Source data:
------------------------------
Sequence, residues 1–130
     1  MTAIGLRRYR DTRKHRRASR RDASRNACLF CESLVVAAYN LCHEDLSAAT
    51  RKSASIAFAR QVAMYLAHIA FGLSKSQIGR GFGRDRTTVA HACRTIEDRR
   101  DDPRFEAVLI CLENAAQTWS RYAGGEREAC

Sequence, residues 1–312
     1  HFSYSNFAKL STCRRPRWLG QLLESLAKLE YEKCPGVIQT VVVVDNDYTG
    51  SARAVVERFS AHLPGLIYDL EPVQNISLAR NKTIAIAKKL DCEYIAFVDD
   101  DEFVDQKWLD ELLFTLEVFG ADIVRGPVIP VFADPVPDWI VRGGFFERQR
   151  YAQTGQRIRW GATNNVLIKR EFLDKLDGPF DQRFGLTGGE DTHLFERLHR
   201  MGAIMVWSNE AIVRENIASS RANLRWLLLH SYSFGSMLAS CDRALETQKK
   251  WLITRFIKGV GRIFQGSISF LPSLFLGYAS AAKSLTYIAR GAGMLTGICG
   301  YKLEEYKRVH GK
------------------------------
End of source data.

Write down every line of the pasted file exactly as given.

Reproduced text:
Sequence, residues 1–130
     1  MTAIGLRRYR DTRKHRRASR RDASRNACLF CESLVVAAYN LCHEDLSAAT
    51  RKSASIAFAR QVAMYLAHIA FGLSKSQIGR GFGRDRTTVA HACRTIEDRR
   101  DDPRFEAVLI CLENAAQTWS RYAGGEREAC

Sequence, residues 1–312
     1  HFSYSNFAKL STCRRPRWLG QLLESLAKLE YEKCPGVIQT VVVVDNDYTG
    51  SARAVVERFS AHLPGLIYDL EPVQNISLAR NKTIAIAKKL DCEYIAFVDD
   101  DEFVDQKWLD ELLFTLEVFG ADIVRGPVIP VFADPVPDWI VRGGFFERQR
   151  YAQTGQRIRW GATNNVLIKR EFLDKLDGPF DQRFGLTGGE DTHLFERLHR
   201  MGAIMVWSNE AIVRENIASS RANLRWLLLH SYSFGSMLAS CDRALETQKK
   251  WLITRFIKGV GRIFQGSISF LPSLFLGYAS AAKSLTYIAR GAGMLTGICG
   301  YKLEEYKRVH GK